Today I spent much of the day at the Western Australian Marine Science Institution seminar, “Data to Knowledge”. It was an interesting event, especially in the light of our work with the Atlas of Living Australia (ALA), and my previous project work with the Online Zoological Collection of Australian Museums, and even as far back as the Pilbara Biological Survey Database.
If you follow Twitter, you would have seen my tweets throughout the day, where I tried to summarise talks and bring up key points. You can find these at http://twitter.com/#search?q=%23wamsi10
There were a few talks about portals, namely Luke Edwards from iVEC and Roger Proctor from IMOS, who launched the day with discussions about the upcoming WA node of the Australian Ocean Data Network. It’s worth checking out the AODN portal at http://www.aodn.org.au/webportal/. A later talk by Ben Radford outlined another portal, the Ningaloo Atlas (http://ningaloo-atlas.org.au/). These talks made me think of some of the lessons I’ve learned from my previous portal projects.
Rod Nowrojee from the Office of the EPA gave a talk about their upcoming work on the Shared Environmental Assessment Knowledge project, after a great overview of the Office of the EPA. If you don’t know what this regulator does then Rod is someone to ask.
There was also a pretty impressive talk from John Hedley from ARGANS about modelling shallow water environments. It was pretty cool to see fully virtual models of light in shallow water coral environments, watching the virtual light play off the coral and the udersides of the waves – and then John brought this back into a practical use by showing this from above the surface. I realised that this would be great for people trying to classify benthic habitats from remotely sensed imagery.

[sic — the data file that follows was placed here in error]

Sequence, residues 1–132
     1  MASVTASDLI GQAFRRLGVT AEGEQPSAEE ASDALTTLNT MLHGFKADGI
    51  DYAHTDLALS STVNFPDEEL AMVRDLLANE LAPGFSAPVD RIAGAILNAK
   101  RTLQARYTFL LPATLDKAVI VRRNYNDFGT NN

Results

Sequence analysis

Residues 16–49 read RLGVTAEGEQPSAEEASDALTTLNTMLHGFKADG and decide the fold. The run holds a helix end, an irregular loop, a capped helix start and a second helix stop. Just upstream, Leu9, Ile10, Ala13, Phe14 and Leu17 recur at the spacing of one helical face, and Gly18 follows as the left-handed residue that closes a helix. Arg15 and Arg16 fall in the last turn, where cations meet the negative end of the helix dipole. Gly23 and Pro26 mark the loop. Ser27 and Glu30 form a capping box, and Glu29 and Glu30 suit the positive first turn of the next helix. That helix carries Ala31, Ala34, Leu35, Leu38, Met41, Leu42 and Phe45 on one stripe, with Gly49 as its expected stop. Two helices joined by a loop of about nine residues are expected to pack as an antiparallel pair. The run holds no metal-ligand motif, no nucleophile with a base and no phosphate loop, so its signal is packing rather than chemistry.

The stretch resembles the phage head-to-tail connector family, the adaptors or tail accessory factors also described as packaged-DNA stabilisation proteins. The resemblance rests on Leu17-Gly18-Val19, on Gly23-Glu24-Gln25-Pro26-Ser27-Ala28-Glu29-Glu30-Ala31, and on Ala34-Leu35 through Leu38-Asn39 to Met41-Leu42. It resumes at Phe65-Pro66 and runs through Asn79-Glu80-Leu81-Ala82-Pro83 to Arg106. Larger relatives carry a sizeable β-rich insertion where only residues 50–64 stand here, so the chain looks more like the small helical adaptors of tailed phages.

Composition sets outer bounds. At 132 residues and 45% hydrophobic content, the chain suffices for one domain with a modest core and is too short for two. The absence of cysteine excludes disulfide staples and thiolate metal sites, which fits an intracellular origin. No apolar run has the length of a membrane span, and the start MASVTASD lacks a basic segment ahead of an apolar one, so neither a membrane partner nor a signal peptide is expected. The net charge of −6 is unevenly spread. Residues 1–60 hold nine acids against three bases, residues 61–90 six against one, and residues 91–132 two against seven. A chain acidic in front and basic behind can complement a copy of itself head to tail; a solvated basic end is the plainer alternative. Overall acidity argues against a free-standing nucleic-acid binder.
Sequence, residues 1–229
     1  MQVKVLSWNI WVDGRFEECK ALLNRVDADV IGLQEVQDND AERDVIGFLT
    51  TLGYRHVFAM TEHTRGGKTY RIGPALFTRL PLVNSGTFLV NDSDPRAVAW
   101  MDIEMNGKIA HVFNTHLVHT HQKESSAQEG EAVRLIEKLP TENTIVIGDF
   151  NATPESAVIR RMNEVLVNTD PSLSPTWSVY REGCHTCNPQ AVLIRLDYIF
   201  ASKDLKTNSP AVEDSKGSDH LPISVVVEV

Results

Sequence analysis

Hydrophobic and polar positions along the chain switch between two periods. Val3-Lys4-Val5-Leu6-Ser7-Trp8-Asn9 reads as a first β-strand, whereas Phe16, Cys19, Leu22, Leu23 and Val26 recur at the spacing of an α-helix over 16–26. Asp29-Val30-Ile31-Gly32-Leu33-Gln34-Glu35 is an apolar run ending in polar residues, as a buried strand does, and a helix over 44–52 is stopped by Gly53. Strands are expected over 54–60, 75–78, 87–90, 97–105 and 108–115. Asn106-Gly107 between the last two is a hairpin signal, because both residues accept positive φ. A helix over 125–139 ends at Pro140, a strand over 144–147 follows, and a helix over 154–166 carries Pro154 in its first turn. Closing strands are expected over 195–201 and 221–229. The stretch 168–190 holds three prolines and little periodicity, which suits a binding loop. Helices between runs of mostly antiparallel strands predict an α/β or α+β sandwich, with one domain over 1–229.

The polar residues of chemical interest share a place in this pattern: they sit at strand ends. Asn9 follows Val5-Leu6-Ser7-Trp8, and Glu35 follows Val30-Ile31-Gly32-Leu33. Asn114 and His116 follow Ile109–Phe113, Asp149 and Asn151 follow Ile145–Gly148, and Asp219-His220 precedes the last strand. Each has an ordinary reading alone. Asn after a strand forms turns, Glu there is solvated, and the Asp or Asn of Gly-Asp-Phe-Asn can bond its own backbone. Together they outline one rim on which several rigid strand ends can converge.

A few other talks were in there, Murray Dolling (Landgate) giving a talk about how hard it is to include the high water mark in the cadastre, and Ralph Talbot-Smith (Department of Transport) gave a talk about the way data about navigational aids is managed here in WA and across the nation.
There was a cool bit at the end of the seminar: the interactive stuff. Little keypads were handed out, and as Luke showed us questions on the screen, we pressed the answer on the keypad and it polled our results. It was a pretty useful, anonymous way of getting feedback, and I hope to get to use that again next time I want to gather requirements from people!
It was a great overview of a range of topics, and I’ll digest the portal parts a bit more – especially when I get to review our own work in an upcoming trip east to the ALA again – and blog a bit more about that another time. That’s a “glass of red wine” blog, I think.
The event was definately worth attending. If you work with marine data and aren’t involved with WAMSI, you should be. Get in touch with them at their web site.
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